Roundup: High profile Japanese lawmaker resigns over "ideological differences"

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A high profile Japanese politician confirmed Wednesday he will retire from the opposition Japan Restoration Party (JRP) and give up his seat in the lower house once his resignation has been accepted by party leaders.

The well-known comedian-turned politician, Hideo Higashikokubaru, 56, told a press briefing Wednesday that the fundamental ideology of the JRP has changed and that it no longer matches his own.

In addition, he said that the party is moving in a detrimental direction under its leaders and directors, and that this was evidenced by the JRP supporting the passage of the controversial secrecy bill through parliament to be enacted into law last Friday.

"Political ideology and policies of the Japan Restoration Party as well as their directions have changed and they are now far different from mine," Higashikokubaru said, adding that he felt there was not enough debate between Prime Minister Shinzo Abe's ruling Liberal Democratic Party-led (LDP) coalition and opposition parties on the matter.

Opposition parties believed that Abe used the ruling coalition' s dominance in parliament to steamroll the bill through both chambers of parliament to be enacted into law in the eleventh hour, in a manner seen by political pundits and the public as "heavy handed" and "autocratic."

The JRP's co-head Toru Hashimoto, who is also the mayor of Osaka, told a local news conference that he won't stand in the way of Higashikokubaru leaving his party and giving up his seat in parliament, stating "Higashikokubaru was a good man with the ability to take action."

Higashikokubaru's departure will be a blow to the JRP and further resignations or defections could start to chip away at the party's power base at a time when intraparty factions are looking for support as they set about a realignment of forces in the opposition bloc, to better counter moves by the Abe-led ruling coalition, deemed autarchic.

Higashikokubaru's resignation follows a mass exodus from the small opposition Your Party, spearheaded by former party lawmaker Kenji Eda in protest against the party leader's cozy relationship with Abe and the LDP camp.

Eda, himself a former secretary-general of Your Party, along with former main opposition Democratic Party of Japan (DPJ) secretary general Goshi Hosono and Yorihisa Matsuno, a senior member of the Japan Restoration Party, are now heading a new study group with the aim of establishing a new opposition party to stand against the LDP.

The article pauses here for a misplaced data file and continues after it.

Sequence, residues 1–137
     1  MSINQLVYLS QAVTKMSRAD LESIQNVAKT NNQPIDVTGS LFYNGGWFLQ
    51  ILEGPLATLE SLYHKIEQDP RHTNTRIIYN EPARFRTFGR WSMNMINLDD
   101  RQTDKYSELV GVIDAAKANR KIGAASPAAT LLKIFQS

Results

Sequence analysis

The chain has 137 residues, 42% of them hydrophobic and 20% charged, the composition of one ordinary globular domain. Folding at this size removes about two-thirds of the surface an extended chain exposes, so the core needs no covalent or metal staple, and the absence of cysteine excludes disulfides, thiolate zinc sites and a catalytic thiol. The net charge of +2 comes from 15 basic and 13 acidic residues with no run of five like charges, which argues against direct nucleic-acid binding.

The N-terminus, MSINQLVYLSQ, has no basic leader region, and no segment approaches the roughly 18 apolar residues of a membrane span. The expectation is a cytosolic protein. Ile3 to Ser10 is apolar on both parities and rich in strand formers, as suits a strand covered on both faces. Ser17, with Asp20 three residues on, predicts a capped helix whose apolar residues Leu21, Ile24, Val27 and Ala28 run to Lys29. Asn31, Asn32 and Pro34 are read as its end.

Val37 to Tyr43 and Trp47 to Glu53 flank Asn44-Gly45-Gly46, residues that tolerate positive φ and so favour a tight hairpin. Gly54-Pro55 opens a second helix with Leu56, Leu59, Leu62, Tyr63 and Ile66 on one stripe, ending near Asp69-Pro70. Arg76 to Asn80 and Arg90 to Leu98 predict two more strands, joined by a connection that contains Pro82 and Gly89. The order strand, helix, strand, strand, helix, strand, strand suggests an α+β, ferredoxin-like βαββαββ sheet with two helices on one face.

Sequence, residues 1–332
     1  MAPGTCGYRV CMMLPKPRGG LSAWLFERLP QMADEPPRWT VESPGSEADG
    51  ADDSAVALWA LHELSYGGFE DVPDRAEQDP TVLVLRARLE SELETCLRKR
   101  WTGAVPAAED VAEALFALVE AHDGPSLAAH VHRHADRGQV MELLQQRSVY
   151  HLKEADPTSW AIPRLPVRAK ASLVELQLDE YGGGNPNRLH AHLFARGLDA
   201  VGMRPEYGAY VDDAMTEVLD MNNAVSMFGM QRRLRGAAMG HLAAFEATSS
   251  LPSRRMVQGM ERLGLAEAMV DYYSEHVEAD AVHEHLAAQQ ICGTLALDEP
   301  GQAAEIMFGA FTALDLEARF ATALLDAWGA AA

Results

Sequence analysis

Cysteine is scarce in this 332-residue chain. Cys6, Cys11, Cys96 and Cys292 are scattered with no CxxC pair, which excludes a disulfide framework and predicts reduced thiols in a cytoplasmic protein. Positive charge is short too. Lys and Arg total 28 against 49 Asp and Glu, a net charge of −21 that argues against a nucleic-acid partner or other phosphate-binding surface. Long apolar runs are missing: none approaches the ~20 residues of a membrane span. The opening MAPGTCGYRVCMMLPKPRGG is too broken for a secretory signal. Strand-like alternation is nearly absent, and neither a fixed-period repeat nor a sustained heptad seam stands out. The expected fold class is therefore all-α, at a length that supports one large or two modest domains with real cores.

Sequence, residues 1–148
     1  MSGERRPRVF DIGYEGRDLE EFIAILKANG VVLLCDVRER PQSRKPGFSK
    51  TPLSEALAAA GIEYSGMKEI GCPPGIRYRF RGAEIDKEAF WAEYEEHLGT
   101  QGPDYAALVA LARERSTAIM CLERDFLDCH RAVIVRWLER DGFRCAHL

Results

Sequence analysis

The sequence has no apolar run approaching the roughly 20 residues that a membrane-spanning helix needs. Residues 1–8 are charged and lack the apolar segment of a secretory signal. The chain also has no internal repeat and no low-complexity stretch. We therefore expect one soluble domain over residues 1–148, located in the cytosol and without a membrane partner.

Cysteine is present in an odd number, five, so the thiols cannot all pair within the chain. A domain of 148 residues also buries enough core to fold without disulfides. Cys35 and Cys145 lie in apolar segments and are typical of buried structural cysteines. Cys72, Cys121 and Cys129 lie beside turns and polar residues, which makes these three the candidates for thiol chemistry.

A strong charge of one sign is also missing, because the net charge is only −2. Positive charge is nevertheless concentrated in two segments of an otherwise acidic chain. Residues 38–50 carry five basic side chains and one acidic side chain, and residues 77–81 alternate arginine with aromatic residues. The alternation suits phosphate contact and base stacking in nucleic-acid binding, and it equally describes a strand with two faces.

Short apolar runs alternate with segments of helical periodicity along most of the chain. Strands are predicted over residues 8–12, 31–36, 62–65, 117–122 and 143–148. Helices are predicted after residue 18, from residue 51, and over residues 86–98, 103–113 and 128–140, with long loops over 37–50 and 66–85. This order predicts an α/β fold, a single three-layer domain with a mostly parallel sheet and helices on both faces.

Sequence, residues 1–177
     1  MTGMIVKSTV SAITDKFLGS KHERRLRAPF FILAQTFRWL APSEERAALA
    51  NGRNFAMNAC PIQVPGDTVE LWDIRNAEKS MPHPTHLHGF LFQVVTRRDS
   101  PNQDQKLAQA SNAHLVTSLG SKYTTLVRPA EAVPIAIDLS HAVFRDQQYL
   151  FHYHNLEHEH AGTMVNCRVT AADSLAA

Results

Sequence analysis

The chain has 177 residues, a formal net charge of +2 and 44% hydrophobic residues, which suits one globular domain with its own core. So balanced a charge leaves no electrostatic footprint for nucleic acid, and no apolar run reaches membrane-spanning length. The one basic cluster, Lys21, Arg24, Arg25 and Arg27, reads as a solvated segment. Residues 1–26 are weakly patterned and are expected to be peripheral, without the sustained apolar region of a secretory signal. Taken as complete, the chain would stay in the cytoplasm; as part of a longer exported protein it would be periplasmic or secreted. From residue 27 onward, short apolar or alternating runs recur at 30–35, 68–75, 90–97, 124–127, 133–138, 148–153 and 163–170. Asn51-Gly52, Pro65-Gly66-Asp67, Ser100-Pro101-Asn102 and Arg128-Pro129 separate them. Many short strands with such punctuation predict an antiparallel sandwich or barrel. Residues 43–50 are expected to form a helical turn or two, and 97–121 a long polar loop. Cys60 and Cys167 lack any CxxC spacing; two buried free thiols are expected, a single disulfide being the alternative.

The new study group has named itself a "gathering for breaking established interest" and its first meeting Tuesday saw some 50 lawmakers attend, with the group hoping to see its numbers swell to around 100, Eda said at a press briefing on Tuesday.

The group is eyeing forming a new opposition party and traversing ways the opposition camp can better deal with the LDP- led coalition bloc and Abe, at a time when concerns are rife the prime minister is operating in a manner described by political pundits as "overly autonomous," and "skirting democratic ideals."

Eda, along with 13 other party members, tendered their resignations on Monday in a calculated move to diminish Your Party 's efforts, under leader Yoshimi Watanabe, who has steered the party's stance closer to that of Abe and his LDP.

The departure from the party will likely weaken the power base of Your Party in parliament and could lead to more defections from the party, as the party remains split over Watanabe's backing of Abe's controversial security bill, which is opposed by most opposition parties and the public in general, political commentators said.

Eda, a former trade ministry official who was elected to parliament in 2002, maintains he wants to realign the opposition camp to better challenge the ruling coalition -- especially on matters regarding the controversial secrecy bill.

Following the submission of his resignation letter to the party on Monday, Eda said he hopes that new political allies would unite together to stand against an ever-powerful ruling coalition bloc that is abusing its powers in an increasingly autocratic and unilateral manner.

However, following Higashikokubaru's departure Wednesday, Eda may take a wait-and-see approach as dissatisfaction in the opposition camp seems to be growing as Abe rolls out more policies that the opposition bloc feel have not been debated thoroughly in parliament and have caused public unease.

On Wednesday Abe and the ruling LDP unveiled plans for five- and ten-year national defense and diplomacy strategies, under the jurisdiction of the rapidly-formed U.S.-style National Security Council, that seeks to boost military spending on next-generation hardware and personnel, under the legal jurisdiction of the controversial secrecy law. Endi

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